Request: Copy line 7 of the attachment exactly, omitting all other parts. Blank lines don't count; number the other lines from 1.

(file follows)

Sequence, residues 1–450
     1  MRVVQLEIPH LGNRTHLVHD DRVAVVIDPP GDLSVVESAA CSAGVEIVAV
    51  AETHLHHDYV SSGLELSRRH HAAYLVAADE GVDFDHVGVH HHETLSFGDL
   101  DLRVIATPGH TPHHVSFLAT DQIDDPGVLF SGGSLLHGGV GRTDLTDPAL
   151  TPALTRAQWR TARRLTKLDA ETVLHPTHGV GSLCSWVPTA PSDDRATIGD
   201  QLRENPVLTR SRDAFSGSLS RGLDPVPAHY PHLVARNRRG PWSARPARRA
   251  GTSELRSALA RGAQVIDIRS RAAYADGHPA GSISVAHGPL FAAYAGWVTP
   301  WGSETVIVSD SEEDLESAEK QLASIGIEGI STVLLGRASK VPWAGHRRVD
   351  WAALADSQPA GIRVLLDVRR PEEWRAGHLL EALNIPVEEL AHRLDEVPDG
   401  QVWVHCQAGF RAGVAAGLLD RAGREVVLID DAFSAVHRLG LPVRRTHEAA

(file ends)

   251  GTSELRSALA RGAQVIDIRS RAAYADGHPA GSISVAHGPL FAAYAGWVTP